Dr. Kime also cited research showing that UV therapy killed the flu virus outside the body[12] and destroyed cancer-producing viruses.[13] He reported good results in his own practice in treating fungal infections with sun therapy.

The ancients knew of the marvelous healing effects of sun exposure, and Dr. Kime knew even more in 1980 as he reviewed the literature. We need more people who are willing to promulgate the truth about our kindly friend, the sun.

[1] Kime, Z. Sunlight Could Save Your Life. World Health Publications, Penryn, CA 1980 pp 180-81.

[2] Miley, G. The Knott technic of ultraviolet blood irradiation in acute pyogenic infections.  New York J Med 1942;42:38.

[3] Miley, G. The Knott technic of ultraviolet blood irradiation in acute pyogenic infections.  New York J Med 1942;42:38.

[4] Rebbeck, E. Ultraviolet irradiation of auto-transfused blood in the treatment of puerperal sepsis.  Amer J Surg 1941;54:691

[5] Rebbeck, E.  Ultraviolet irradiation of autotransfused blood in the treatment of postabortal sepsis. Amer J Surg 1942;55:476.

[6] Rebbeck, E.  Ultraviolet irradiation of the blood in the treatment of escherichia coli septicemia.  Arch Phys Ther 1943;24:158.

[7] Rebbeck, E. The Knott technic of ultraviolet blood irradiation as a control of infection in peritonitis.  Amer J Gastroenterol 1943;10:1-26

[8] Hancock, V.  Irradiated blood transfusions in the treatment of infections.  Northwest Med 1934;33:200.

[9] Barrett, H.   Five years experience with hemo-irradiation according to the Knott technic.  Am J Surg 1943;61:42

[10] Barrett, H.  The irradiation of auto-transfused blood by ultraviolet spectral energy: results of therapy in 110 cases.  Med Clin N Amer 1940;24:723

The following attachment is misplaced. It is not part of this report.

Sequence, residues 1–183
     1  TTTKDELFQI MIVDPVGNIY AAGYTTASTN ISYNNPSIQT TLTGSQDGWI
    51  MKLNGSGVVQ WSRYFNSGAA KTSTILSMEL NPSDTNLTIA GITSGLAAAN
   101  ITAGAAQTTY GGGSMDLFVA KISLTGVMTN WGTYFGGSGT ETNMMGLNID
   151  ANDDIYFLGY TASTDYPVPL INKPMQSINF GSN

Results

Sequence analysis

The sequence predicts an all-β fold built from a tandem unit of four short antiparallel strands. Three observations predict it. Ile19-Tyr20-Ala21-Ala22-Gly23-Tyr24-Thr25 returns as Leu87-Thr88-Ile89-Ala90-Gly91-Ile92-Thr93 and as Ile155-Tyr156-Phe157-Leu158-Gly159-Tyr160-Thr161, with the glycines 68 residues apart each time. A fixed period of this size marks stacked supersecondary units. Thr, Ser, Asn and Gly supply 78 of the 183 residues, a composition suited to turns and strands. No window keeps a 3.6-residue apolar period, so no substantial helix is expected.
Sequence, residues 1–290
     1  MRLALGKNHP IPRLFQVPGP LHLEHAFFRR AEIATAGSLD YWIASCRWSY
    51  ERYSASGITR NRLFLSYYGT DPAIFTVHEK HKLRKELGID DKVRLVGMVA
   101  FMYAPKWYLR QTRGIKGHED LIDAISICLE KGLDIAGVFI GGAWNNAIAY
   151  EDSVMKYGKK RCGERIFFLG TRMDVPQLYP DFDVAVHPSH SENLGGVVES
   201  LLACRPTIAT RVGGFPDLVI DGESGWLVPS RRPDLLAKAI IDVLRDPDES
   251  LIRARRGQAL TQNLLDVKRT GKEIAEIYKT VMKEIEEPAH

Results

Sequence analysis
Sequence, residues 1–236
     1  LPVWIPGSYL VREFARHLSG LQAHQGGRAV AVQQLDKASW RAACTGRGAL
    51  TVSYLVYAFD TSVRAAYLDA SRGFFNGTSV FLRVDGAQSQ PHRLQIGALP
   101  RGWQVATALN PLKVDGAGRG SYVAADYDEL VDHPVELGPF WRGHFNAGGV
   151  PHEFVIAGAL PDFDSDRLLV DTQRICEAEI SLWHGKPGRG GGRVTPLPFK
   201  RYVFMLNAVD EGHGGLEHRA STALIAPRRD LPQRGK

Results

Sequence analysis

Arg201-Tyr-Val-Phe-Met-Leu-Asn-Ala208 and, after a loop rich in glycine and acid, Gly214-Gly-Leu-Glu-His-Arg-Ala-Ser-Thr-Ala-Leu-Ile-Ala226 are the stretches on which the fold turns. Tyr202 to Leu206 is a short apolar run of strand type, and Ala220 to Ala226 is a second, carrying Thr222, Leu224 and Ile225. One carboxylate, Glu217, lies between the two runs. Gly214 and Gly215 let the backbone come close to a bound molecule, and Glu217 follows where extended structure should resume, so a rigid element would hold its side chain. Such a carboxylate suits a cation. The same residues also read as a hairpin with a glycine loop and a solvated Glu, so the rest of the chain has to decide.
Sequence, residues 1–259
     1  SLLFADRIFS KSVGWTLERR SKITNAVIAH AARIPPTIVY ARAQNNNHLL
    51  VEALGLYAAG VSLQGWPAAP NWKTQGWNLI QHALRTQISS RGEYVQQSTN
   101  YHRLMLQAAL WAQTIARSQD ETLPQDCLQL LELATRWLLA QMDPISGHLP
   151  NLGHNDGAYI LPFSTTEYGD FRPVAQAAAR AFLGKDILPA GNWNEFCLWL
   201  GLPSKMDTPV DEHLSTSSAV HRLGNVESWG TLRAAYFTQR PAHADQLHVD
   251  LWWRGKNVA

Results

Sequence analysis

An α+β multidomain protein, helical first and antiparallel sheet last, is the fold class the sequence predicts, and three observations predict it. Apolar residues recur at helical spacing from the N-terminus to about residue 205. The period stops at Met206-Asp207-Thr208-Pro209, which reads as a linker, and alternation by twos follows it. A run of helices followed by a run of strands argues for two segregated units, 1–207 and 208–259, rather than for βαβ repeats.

[11] Miley, G.  The present status of ultraviolet blood irradiation.  Arch Phys Ther 1944;25:357.

[12] Hollaender, A.  The inactivating effect of monochromatic ultraviolet radiation on influenza virus. J Bact 1944;48:447.

[13] Heding LD, Schaller JP, Blakeslee JR, Olsen RG. Inactivation of tumor cell-associated feline oncornavirus for preparation of an infectious virus-free tumor cell immunogen.  Cancer Res 1976;36:1647.

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Sun Exposure and Athletic Performance, Part 2

By Marc Sorenson, EdD, Sunlight Institute

Almost no one realizes the dramatic improvement that sun exposure can make on athletic performance. I helped Dr. John Cannell obtain translations of many esoteric and decades-old studies that had been forgotten, probably due to the fact that sun lamps were used to create some of the improvements in athletics, and have fallen out of favor due to the sunscare movement. I co-authored a paper with Cannell, called Athletic Performance and Vitamin D.[1] That paper is the source of much of the material covered here, and it demonstrates the remarkable, positive effect of sun or other ultraviolet (UV) exposure on human performance. I would also strongly suggest that the readers avail themselves of Dr. Cannell’s book on the subject, called The Athlete’s Edge, which discusses in far greater detail the materials introduced here.